Edward O. Wilson, curator-teacher of the Harvard Museum of Comparative Zoology, poses for a portrait in the ant room on March 3, 1988.

New Evidence Revives Old Questions About E.O. Wilson and Race

Did Edward O. Wilson — Harvard professor, iconic biologist, champion of global biodiversity — promote racist ideas? For years, some scientists have suggested the very question is rooted in smear campaigns and misreadings of Wilson’s work. Other scholars have argued that racism and sexism are apparent in Wilson’s writing on human evolution.

Since Wilson’s death in late December 2021, at the age of 92, the question has been subject to renewed debate, after an opinion piece in Scientific American describing Wilson’s “dangerous ideas” set off a backlash from some scientists.

Now, two separate pairs of researchers, drawing from Wilson’s papers at the Library of Congress, have published details of correspondence in which Wilson privately supports a psychologist known for his racist work. “It doesn’t surprise me at all,” said Joseph Graves, Jr., an evolutionary biologist at North Carolina Agricultural and Technical State University who has written extensively about scientific racism, and who reviewed some of the new archival work before it was published. What’s important about the new research, he added, “was coming up with the smoking gun.”

Not everyone agrees the new evidence is so definitive, but the revelations promise to prolong the reckoning over Wilson’s legacy — and to add to an ongoing discussion about how racism and sexism may have shaped entire fields of study.

Wilson may be best known for his widely praised research on ants, and for his push to protect biodiversity. But the scientist’s work on human evolution has been contested since 1975, when he published “Sociobiology: The New Synthesis,” a sweeping study of the evolution of social behavior in animals. The book’s final chapter, which aims to “consider man in the free spirit of natural history, as though we were zoologists from another planet,” touches on the evolutionary origins of language, territoriality, and other behaviors. In the chapter, Wilson wonders whether there could be marked genetic differences between socioeconomic classes. (He concludes there’s little evidence that’s the case.) And he speculates that some of the differences between human cultures could be rooted in genetic differences, calling for “a discipline of anthropological genetics” to explore the question further.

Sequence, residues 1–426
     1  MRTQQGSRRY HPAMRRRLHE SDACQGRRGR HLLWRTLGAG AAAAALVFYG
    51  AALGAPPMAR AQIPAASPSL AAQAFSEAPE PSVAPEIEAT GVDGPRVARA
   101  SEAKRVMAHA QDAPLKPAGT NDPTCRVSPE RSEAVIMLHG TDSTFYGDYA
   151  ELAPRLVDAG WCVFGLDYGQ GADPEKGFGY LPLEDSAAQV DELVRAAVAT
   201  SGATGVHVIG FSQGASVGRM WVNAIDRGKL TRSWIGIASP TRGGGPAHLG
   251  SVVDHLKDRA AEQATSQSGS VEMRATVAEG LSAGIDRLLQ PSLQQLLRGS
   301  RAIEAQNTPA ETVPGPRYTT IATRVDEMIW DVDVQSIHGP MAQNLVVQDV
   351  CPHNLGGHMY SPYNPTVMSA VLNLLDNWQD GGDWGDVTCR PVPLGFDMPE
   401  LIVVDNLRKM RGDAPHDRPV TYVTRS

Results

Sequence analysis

Wilson was touching on questions that remain deeply polarizing: To what extent are certain features of human societies, like xenophobia, altruism, or inequality, dictated by our genes? And can some of the complex variation among human groups, from IQ scores to incarceration rates, be explained by genetic differences, rather than by environmental and social forces? Many racist projects — from the eugenics movement to Nazism to present-day White nationalism — have argued that racial differences have deep genetic roots. Such pseudoscientific ideas continue to fuel popular racist canards, such as the idea that Black people have genes predisposing them to violence.

Today, there’s a broad consensus among experts in human evolution that that race is a social construct, not a biological category, and that it is extraordinarily difficult to link specific genes to complex human behaviors. And some researchers and advocates warn that, absent better data, explorations of those questions often just reproduce old stereotypes — or offer thin cover for bigoted ideas.

After the publication of “Sociobiology,” Wilson was subject to fierce criticism, including from some of his Harvard colleagues, who argued he had gotten out ahead of the scientific evidence — and that his conclusions about the way biology shapes human behavior veered into dangerous territory.